The American Thanksgiving holiday is always on the fourth Thursday of November. What’s notable about the occasion is just how flexible it is, and how it really does cross ethnic, religious, and political lines in a country that often seems to have too many of these divisions.
The secret to its success lies in its simplicity, of course. The holiday centers around a meal, and that is about it. The holiday originally marked a celebration of gratitude between founding settlers and native Americans, and also noted the beginning of the winter holiday season, with only a month to Christmas. There is a strong emphasis on reunion and gathering together with family and friends. It is considered a traveling holiday, but a shortened one, as it typically only spans the the four days from Thursday, Friday and then through the weekend. For the college student away in their first year at school, it could be the first time they return home.
Domestic travel rates reflect this start to the holiday season, with AAA (American Automobile Association) predicting the most Thanksgiving travelers since 2005, with 1.6 million more people taking to the roads this year, and airfares steadily climbing during this period.
The other secret to this American holiday’s success lies in that flexibility we mentioned earlier. For a holiday considered to be so “traditional”, Americans really do make a lot of allowances for last-minute improvisation. No family nearby? No problem—dinner with friends is just as important. Location? Dinner is often held at the home of the matriarch or patriarch or some elder in the family (fond memories of my own Thanksgiving dinners at my great aunt’s house), the family tradition could also be: location is wherever the most organized person resides. No one can cook? No problem—eating out at a restaurant is perfectly acceptable. Many people I know welcome going out to a restaurant for Thanksgiving, and many restaurants enjoy putting together a prix fixe menu for the holiday. A whole roast turkey isn’t the easiest of undertakings, and with an assortment of other dishes, prep time + cook time + clean up can easily equal a full day or more total. That great aunt of mine I mentioned? She began making some dishes the day before, on Wednesday!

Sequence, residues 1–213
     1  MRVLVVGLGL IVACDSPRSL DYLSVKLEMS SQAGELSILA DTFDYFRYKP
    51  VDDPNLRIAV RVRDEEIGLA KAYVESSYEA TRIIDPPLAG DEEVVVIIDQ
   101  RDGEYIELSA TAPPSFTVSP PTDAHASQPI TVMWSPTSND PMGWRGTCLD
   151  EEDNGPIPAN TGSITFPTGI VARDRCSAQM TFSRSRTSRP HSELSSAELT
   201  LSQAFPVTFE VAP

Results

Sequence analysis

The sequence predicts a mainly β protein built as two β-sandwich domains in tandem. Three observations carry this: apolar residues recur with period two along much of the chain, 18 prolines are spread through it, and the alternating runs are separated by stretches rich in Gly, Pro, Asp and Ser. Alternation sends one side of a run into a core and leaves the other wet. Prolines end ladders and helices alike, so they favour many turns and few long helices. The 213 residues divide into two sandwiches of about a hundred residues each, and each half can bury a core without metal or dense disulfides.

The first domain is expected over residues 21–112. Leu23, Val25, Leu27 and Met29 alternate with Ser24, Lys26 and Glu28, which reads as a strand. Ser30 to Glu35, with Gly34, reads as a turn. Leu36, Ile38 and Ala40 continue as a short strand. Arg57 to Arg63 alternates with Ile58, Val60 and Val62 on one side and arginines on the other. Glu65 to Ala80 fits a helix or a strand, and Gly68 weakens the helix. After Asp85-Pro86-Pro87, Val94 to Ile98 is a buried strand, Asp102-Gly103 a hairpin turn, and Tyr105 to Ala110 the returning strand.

Foods traditional to the meal are similar or often interchangeable with Christmas—turkey or some other bird, ham, potatoes, cranberries, pumpkin pie, etc. It’s as much about colors as it is about flavors—the colors of autumn; orange, brown, etc.
Aside from the dinner (which is usually held in the late afternoon, an early dinner), there are few other widespread traditions. The NFL (National Football League) has traditionally organized three televised games for Thanksgiving day. The first two are hosted by the Detroit Lions and the Dallas Cowboys. The third game has no fixed teams or conferences. So for football fans, afternoons before dinner and after are often spent in front of the television watching the games.
One tradition common to Thanksgiving dinner is that at the start of the meal, guests take turns expressing their gratitude for something—it could be good health, the start of a new job, whatever. Here at Macau Lifestyle, we are grateful to live in such an interesting city, and share it with our friends and family.
Celebrate Thanksgiving in style at Grand Coloane Resort, from homemade turkey to traditional Thanksgiving dinner buffet. Create the memories to last!
Thinking of hosting the party at home? Grand Coloane Resort is offering homemade turkey with chef’s special stuffing at MOP $150 per kg (minimum order: 5 kg).
THANKSGIVING DINNER BUFFET
When: Thursday, November 23rd
Where: Grand Coloane Resort, 1918 Estrada de Hac Sa, Coloane
How much: MOP $388* per adult and MOP $194* per child; Boa Vida and The Club Members enjoy 20% discount
Book now at +853 8899 1020